Lateral asymmetry in intensity of emotional expression.

Essay by cauchemar81University, Bachelor'sA-, March 2003

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People have always been puzzled by the functionality of the human brain. However, it was only over a century ago, that after the discoveries of French surgeon Broca (1860) -examining brain damage patients- that this fascination was transformed into further empiricism. From such research scientists were able to conclude that the cerebrum is made up of two cerebral hemispheres, which despite appearing symmetrical, on closer scrutiny reveal asymmetries. Thus, to examine these asymmetries, various areas were studied, and one of these areas was facial expressions and emotions, because as Sackeim & Gur (1978) suggested "the left and right sides of the face are physiognomically asymmetrical." These studies also sought to comprehend facial expressions and emotions beyond the taboos and universal trivialities of society.

Firstly, research of the brain revealed that the nervous system appeared to be almost split into two halves with a crossing over effect-taking place, connecting the two hemispheres, to various nerves.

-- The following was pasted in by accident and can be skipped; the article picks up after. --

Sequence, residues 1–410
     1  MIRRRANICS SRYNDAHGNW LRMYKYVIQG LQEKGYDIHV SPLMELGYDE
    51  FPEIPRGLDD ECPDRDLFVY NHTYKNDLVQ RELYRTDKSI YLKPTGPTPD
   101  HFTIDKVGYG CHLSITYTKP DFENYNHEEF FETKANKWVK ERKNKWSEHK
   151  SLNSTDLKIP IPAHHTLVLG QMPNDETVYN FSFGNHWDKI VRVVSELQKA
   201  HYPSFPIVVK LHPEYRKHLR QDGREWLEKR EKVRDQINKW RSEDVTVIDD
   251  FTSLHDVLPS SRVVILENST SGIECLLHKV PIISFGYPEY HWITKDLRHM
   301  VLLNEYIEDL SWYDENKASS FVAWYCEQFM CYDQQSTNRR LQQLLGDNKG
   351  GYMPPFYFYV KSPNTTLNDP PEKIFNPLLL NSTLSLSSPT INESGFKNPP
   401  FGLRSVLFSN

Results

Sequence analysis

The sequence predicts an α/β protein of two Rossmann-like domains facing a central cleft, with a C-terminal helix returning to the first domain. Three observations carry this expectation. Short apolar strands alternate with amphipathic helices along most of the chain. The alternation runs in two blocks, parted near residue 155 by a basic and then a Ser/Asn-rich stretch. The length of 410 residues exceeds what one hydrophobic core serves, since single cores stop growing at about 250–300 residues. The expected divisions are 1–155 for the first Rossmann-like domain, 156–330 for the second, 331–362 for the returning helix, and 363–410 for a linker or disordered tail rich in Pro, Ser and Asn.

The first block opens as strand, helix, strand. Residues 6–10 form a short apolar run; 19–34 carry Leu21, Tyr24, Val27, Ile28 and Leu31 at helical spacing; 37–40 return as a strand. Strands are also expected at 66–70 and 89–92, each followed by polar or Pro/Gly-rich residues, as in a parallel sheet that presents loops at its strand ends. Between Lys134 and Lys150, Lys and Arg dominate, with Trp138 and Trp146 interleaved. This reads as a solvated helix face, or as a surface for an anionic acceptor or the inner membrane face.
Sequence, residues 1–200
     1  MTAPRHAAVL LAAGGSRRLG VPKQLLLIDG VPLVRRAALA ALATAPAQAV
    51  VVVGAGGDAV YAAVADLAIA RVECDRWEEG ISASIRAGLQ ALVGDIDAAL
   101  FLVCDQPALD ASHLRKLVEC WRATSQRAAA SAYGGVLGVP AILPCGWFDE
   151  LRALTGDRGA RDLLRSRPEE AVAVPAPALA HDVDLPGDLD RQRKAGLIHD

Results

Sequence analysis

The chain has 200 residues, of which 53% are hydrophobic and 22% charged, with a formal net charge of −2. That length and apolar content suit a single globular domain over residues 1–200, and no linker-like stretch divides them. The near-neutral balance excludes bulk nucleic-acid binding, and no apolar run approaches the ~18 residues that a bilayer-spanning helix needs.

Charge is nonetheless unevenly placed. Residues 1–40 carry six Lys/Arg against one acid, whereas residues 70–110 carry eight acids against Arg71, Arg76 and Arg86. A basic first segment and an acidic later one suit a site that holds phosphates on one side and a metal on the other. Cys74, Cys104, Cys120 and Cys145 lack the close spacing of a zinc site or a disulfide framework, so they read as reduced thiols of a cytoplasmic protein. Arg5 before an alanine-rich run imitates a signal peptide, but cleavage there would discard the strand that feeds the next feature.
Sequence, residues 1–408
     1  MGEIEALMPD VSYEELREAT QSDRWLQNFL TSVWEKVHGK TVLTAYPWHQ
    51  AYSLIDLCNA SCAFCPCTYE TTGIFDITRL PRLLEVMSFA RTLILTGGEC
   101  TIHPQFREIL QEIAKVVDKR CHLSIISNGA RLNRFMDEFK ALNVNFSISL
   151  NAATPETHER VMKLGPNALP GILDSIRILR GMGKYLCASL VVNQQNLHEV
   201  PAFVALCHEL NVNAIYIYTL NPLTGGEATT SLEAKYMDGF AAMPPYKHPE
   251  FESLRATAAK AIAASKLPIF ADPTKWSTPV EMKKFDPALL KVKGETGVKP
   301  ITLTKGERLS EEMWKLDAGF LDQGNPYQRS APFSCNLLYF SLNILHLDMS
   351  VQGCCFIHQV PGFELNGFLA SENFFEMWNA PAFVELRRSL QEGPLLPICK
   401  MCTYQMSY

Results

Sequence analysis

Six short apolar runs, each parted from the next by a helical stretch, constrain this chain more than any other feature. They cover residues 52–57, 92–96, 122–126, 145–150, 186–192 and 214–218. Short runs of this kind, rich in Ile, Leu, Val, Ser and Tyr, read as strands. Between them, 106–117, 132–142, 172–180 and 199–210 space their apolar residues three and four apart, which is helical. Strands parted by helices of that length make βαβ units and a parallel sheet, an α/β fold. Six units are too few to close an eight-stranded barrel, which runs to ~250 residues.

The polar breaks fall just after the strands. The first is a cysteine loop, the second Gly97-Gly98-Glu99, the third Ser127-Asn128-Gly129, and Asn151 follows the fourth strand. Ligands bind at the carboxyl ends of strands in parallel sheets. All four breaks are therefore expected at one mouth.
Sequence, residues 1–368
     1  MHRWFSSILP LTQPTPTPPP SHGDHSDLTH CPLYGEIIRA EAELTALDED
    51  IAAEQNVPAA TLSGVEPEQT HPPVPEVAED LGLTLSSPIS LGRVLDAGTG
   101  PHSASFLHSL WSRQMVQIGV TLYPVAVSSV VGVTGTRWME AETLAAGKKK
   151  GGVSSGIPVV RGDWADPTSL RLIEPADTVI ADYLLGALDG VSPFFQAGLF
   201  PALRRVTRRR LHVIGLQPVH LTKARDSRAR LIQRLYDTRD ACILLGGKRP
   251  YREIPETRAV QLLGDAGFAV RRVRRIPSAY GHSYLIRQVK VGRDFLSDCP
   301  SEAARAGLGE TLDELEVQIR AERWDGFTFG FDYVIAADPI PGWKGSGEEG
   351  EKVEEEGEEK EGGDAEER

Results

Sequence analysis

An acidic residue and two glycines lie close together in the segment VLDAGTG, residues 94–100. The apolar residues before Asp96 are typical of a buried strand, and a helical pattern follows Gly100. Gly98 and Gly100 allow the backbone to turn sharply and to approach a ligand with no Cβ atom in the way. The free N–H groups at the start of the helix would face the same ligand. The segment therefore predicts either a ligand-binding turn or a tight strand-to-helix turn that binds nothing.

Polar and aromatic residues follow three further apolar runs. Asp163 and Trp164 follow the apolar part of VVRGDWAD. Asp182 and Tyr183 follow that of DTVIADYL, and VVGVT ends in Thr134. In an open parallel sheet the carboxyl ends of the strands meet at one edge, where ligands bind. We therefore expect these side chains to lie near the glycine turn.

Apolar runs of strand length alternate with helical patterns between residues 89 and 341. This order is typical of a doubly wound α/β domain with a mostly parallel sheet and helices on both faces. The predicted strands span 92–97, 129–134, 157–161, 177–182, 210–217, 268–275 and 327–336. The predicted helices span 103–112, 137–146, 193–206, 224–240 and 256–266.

These nerve fibers (corpus callosum) in turn proceeded to process the relevant brain information (occurring interchangeably between the hemispheres), resulting in the functioning of different components. However, an inverse relationship existed between the hemisphere processing the information and the component that fulfilled it. The crossing over of nerves from the different hemisphere going to the opposite sides of the face became known as contralateral. For example, the right hemisphere controlled the left hand, and vice versa. This relationship was evident in all of the cortical areas (primary motor area, primary somatosensory, primary visual area, primary auditory area, and association areas).

New observations in brain damage victims, reinforced Broca's earlier claim's that the two hemispheres had different specializations. The left hemisphere -the so-called dominant hemisphere- appeared to be predominantly verbal and analytical, skilled in linguistic description, logical analysis and...